These fast food products give less feeling of satiate due to low amounts of dietary fiber, inspiring the consumer to eat more(Dietary fiber adds bulk to the foods and gives the feeling of fullness or satiety very quickly. Therefore, fiber rich foods can limit the food intake, hence calorie intake). Furthermore, their high salt content makes children thirsty, resulting in consuming more sweetened soft drinks.

Due to the increased trend of consuming fast food items by children, numerous health impacts have been raised. High amounts of calories, fat and sugar in these food items are directly linked with obesity.

Obesity can be identified as the preliminary step of a series of dangerous health defects which are linked together. Owing to high amounts of fats and sugar, and low amounts of dietary fiber, these foods have become calorie dense foods.

Excessive intake of calories can be deposited in the body as fat, if they are not expended via physical activity. This scenario is known as the positive energy balance, which ultimately results obesity conditions. The danger is that children tend to eat more, due to their less satiety feeling and also the taste of these foods are preferred by children. On the other hand modern children spend a very sedentary life with no or less time spending for sports or any physical exercises. Due to high consumption of fast foods and less physical activity, they are unable to spend the ingested energy, thus it is more likely to accumulate energy in their bodies, resulting over-weight or obesity. Abnormal lipid profiles, high blood glucose levels and elevated blood pressure are obvious but unfavourable conditions in obesity.

Furthermore, fast foods are rich in saturated fats plus cholesterol, which are unhealthy in excessive amounts.

They tend to be deposited in blood vessels and obstruct the vessels, which ultimately results in cardiovascular diseases, leading to heart attacks or stroke. Trans fatty acids are extremely dangerous in elevated amounts as they can cause many types of cancers.

High content of sugar and insulin resistance of body cells due to obesity conditions may lead to type 2 diabetes mellitus in later life.

High salt content of these food items leads children to be hypertensive (High blood pressure). The most dangerous consequence is that these non-communicable diseases are long-lasting and life threatening.

What can be done to avoid obesity?

Since childhood obesity is becoming an epidemic, immediate action should be taken to defeat it. Parents are the key persons in the battle against child obesity. Really it is not a difficult task if you are willing to take the challenge.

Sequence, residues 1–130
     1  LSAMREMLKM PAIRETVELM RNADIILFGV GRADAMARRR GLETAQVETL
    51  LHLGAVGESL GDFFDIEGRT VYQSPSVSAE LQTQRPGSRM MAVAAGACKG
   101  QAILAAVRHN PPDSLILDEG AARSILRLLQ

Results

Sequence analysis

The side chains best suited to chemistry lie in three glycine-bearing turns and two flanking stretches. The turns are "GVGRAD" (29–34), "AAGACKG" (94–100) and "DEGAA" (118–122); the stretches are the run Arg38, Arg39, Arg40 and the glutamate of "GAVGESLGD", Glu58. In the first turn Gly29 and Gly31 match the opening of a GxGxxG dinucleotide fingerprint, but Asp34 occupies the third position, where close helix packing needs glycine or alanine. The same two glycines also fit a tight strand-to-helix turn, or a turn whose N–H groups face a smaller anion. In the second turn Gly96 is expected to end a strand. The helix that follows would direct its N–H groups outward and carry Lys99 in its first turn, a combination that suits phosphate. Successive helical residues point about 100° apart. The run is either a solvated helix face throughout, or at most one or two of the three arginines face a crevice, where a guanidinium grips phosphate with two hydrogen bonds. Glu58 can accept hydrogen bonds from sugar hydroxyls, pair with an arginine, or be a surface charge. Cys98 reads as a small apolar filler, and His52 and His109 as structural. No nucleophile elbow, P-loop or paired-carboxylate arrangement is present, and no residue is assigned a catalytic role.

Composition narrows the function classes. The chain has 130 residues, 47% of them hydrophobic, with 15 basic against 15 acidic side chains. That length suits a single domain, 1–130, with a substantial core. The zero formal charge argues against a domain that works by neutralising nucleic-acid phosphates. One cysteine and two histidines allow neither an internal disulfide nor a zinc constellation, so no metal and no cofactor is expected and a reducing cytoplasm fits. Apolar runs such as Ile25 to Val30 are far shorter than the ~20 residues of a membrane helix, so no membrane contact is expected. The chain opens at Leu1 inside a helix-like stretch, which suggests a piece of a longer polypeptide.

Parents should promote healthy eating patterns within the family and encourage children to engage in regular, adequate physical activity. Children can be given home-made healthy and well-balanced meals which contain all the food groups adequately.

For instance, child's diet can include cereal or cereal based products (rice, bread, roti), vegetables, fruits, legumes (dhal, chick pea), source of protein like fish, meat or eggs (vegetarian children can be given legumes like soy, dhal as their protein source, but best is animal proteins), and dairy products like milk, yoghurt adequately, while they can be given sweets and fats sparingly.

It is not necessary to give these all food groups within one meal, but you should be able to balance all the food groups adequately in your child's meals within a day. You can easily go for home prepared healthy snacks like sandwich with omelet and vegetables or pancakes with fried vegetable mix which are prepared in an acceptable way by the child, instead of going for fast food snacks.

Consumption of fruits and vegetables can be promoted within your family and better to try various preparation methods to avoid rejection by the children.

Same time energy dense, high fat, salty and sugary food items (fast foods, sweetened beverages) can be restricted in your child's diet. Minimise saturated fats which are abundant mostly in animal meats. It is better to go for white colour meats like poultry (mostly chicken) after removing fat rich skin, instead of eating red colour meats like beef. You can reduce fat intake by removing skin of chicken. But in red meats, fat is not concentrated to skin or any specific organ which can be removed; consequently you will eat high amount of saturated fat with red meat. But fish would be a more healthy choice as a protein source, particularly fatty fish like salmon, tuna, trout and herrings as they are also rich sources of healthy fatty acids like omega 3fatty acids. Moreover it is important to emphasize drinking adequate amount of water to be healthy.

Apart from the dietary alterations, you can encourage your child to do physical activity; either they can engage in sports in their school or parents can give them opportunity to do safe cycling, walking or any other play events at their home.

It is important to reduce inactive time of the children, specially the time they spend in front of the television or computer.

More importantly, your child can be educated on importance of proper nutrition and selecting healthy food choices as they grow.

These are some easy tips to keep your child healthy. Though the fast foods have negative effects on your child's health, those can not be totally banned or avoided as sometimes these foods are really beneficial to busy lifestyles.

However, the Government can introduce some rules and regulations to make available healthy foods which are low in fat, salt and sugar, instead of currently available fast foods.

Still your child can enjoy these food items occasionally if your choice is wise and smart. It is all our responsibility to protect our children as they are the future of our country and its work force.

(The writer is a final year undergraduate at the Department of Applied Nutrition, Faculty of Livestock, Fisheries & Nutrition at the Wayamba University of Sri Lanka)